Napoleon’s Willow

August 12th, 2016

Babylonstoren has a number of trees with interesting stories, or rather cuttings from famous trees that are linked to people, moments and places that made history. These include Newton’s apple tree, Shakespeare’s mulberry, an olive from Mount Gethsemane and more.

Napoleons Willow_sml-9Growing on the banks of the big dam on the farm, Napoleon’s willow stands isolated, much like Emperor Napoleon Bonaparte on the island of Saint Helena after his defeat. The young weeping willow tree (Salix babylonica) was grown from a cutting of the tree that grew at the head of the famous French emperor’s grave. After his death, many cuttings were made by visitors to the remote Island, and planted all over the world.


Napoleons grave saint helena

Originally Nappy was buried in the Sane Valley after his death in May 1821, but in 1840 the emperor’s remains were taken back to France and laid to rest in Les Invilades. The specific spot, in the Valley of the Willows, in Saint Helena was chosen by the man himself. Captain Atkinson describes it as follows:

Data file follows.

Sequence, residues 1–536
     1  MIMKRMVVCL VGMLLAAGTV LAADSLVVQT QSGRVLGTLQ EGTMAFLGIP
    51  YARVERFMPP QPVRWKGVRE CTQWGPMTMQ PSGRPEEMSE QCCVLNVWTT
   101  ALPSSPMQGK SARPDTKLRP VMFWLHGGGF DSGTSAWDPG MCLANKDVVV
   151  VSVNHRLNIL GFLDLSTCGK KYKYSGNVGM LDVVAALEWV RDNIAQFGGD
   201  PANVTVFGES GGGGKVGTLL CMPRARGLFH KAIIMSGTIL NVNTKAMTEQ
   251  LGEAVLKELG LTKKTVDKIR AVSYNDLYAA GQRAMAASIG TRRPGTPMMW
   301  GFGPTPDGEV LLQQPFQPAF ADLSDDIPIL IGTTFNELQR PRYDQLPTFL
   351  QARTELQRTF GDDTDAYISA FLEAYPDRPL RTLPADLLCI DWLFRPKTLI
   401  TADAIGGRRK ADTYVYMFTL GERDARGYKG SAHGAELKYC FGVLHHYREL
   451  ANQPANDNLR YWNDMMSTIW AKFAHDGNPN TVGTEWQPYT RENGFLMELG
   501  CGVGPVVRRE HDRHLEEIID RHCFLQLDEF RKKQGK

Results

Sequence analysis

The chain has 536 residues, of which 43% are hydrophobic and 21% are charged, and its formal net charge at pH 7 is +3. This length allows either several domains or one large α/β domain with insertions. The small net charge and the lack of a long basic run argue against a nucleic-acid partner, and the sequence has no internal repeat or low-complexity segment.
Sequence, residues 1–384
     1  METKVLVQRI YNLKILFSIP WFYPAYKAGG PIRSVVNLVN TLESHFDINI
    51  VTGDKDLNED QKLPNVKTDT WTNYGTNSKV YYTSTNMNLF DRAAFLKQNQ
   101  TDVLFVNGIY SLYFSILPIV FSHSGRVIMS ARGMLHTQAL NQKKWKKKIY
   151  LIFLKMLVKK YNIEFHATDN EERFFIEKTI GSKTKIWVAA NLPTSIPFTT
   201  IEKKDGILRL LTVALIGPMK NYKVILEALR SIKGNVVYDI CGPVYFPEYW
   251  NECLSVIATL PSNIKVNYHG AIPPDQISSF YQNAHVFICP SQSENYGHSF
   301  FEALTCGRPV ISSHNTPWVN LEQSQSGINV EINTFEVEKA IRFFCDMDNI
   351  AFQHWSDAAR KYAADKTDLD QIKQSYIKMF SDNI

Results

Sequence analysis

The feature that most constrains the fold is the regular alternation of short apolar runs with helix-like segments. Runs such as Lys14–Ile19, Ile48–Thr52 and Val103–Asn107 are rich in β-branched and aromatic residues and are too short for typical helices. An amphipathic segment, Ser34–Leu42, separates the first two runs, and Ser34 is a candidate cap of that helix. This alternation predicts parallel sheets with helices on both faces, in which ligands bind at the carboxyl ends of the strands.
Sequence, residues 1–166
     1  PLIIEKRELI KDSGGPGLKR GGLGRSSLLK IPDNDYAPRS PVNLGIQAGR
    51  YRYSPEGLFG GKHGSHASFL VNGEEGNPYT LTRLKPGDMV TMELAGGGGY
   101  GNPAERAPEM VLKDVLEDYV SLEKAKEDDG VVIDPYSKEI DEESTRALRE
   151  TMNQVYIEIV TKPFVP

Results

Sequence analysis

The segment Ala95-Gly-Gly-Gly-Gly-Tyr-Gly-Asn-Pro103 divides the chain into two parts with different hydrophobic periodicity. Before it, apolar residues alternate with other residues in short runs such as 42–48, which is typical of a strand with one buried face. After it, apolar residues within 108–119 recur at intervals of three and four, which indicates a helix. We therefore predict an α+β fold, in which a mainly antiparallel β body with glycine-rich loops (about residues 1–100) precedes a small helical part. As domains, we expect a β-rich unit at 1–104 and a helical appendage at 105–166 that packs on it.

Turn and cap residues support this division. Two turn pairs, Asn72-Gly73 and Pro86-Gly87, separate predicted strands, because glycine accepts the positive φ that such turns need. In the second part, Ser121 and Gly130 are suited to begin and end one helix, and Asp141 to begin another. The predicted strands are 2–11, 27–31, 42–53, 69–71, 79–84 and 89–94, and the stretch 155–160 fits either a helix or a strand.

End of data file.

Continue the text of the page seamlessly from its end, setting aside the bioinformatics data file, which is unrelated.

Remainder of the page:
“The place lies between two steep hills; the valley at the bottom is very narrow … in it lies a garden about 200 yards long … in the upper corner of which are 5 or 6 willow trees of large dimensions, planted towards each other which makes them form a sort of arbour … A spring from the rock a little on one side was the place from which he (Napoleon) had water for his own use ever since he first saw it, and under those trees he frequently used to sit and read.”


  1. Rob says:

    How did the Napoleon’s Willow arrive at Babylonstoren? Was it brought to South Africa by the returning Boer prisoners after the Anglo-Boer War?

    I am planning to visit your lovely Hotel in the near Future.

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